Benchmarks for afterlife research
Dr Dewi Rees’s ‘Hallucinatory reactions of bereavement’, published in the British Medical Journal in 1971, and the cross-cultural study on ‘Deathbed observations by physicians and nurses’ undertaken by Karlis Osis and Erlunder Haraldsson remain benchmarks for evaluating contemporary understandings of near to death experiences and ongoing research, although both these studies were undertaken over thirty years ago.
The large-scale ‘Deathbed observations by physicians and nurses: a cross-cultural survey’ undertaken by Karlis Osis and Erlendur Haraldsson, was published as At the hour of death (1977). The survey was conducted in some north-eastern states of the United States between 1961 and 1964, a second part was conducted in northern India during 1972−73, both based on an earlier pilot survey undertaken by Karlis Osis, which, in turn had been inspired by the work of Sir William Barrett on deathbed visions.
The original pilot survey questioned physicians and nurses about the experiences of dying people, particularly concerning hallucinations or visions and found that people who were dying did indeed have hallucinations. While some had a pathological origin, in general this was not the case. This survey found that these hallucinations were different to those caused by illness, mental or physical, in that they were shorter, more coherent and were related to the experience of dying. In this survey, people who were dying felt that the figures seen in the hallucinations had a particular purpose—to ease the transition from this world and to ‘take them away’. Studies of hallucinations in the general population have found that those who experience hallucinations more commonly experience visions of living rather than those who are deceased—this survey found the reverse in the case of people who are dying with 83% experiencing visions of deceased close relatives.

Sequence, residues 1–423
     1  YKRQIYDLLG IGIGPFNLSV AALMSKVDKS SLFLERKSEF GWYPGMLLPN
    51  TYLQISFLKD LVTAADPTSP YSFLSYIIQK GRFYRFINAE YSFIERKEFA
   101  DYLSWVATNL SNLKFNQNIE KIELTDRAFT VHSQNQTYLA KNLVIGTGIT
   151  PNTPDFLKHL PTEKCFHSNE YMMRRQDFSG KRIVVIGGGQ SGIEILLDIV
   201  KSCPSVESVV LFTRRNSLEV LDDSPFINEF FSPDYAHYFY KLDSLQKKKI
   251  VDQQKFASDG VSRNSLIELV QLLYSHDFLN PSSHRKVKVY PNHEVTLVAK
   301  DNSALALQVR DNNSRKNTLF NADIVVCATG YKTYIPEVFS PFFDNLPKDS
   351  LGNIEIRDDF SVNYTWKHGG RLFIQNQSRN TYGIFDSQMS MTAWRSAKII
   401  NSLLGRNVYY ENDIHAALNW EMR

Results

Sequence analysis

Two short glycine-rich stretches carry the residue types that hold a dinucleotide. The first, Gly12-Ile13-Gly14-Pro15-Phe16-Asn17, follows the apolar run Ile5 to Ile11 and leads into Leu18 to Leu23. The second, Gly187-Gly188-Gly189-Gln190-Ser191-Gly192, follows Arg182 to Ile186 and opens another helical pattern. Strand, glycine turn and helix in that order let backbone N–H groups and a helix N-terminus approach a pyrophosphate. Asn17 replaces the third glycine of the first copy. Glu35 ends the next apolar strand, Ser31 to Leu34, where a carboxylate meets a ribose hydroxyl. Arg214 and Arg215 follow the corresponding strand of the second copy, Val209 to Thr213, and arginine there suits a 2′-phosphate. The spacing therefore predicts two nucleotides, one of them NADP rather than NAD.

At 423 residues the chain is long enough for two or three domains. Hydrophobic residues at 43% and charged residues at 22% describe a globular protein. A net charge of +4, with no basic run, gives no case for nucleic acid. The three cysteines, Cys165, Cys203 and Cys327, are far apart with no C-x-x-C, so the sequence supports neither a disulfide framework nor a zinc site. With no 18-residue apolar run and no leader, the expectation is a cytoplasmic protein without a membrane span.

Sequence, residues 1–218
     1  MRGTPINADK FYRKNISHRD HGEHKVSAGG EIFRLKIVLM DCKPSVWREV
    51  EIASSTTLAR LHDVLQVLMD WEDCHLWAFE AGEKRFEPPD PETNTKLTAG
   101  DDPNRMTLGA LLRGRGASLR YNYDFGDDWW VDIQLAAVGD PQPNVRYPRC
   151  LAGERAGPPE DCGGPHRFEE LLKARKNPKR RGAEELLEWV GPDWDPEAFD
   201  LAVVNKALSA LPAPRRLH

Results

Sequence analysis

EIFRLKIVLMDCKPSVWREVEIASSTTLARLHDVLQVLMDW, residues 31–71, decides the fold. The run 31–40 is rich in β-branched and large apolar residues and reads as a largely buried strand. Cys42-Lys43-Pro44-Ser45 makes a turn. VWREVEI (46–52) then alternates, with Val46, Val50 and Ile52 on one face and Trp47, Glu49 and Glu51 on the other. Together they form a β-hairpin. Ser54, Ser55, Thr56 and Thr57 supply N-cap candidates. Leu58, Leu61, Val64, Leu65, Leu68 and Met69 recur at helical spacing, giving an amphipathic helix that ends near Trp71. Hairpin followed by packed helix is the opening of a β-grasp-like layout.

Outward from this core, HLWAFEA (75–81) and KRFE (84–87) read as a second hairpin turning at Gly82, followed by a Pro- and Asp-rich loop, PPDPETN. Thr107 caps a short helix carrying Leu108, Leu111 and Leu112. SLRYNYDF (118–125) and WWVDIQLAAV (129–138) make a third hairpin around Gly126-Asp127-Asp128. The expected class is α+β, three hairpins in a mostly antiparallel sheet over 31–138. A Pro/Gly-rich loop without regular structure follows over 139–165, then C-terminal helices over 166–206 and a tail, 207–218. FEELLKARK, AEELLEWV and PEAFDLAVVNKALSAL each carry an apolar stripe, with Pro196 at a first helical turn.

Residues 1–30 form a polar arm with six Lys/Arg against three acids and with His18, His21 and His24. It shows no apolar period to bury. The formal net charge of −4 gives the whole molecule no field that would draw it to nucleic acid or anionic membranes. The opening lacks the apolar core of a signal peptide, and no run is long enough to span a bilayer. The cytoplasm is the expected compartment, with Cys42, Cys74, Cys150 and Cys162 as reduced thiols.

In the later 1961 and 1964 US and the 1972−3 Indian survey Osis and Haraldsson tested for demographic, religious affiliation and psychological factors, such as fear of death, desires and expectations. They concluded that factors such as age, sex, education and occupation did not interact significantly. Religion did not seem to influence significantly the purpose or the kind of hallucination seen (living, dead or religious figures), with the occurrences of visions (of the dead/religious figures) and their afterlife purpose appearing to transcend the widely divergent religious ideologies of Hindus, Catholics, Protestant, Jews and Muslims.
There were, however, cultural differences. The identity of the apparitions varied greatly between the groups in India and the USA. American patients mainly saw deceased persons, while Indian patients predominantly saw religious figures. Osis and Haraldsson assume that individual and cultural factors will completely shape deathbed visions if they are caused by these factors. If, however, these experiences were based on some external reality, then only minor cultural differences would emerge. This research concludes that, while cultural ‘colouring’ is present, the main findings of the three surveys are consistent and support the afterlife hypothesis proposed in the pilot survey.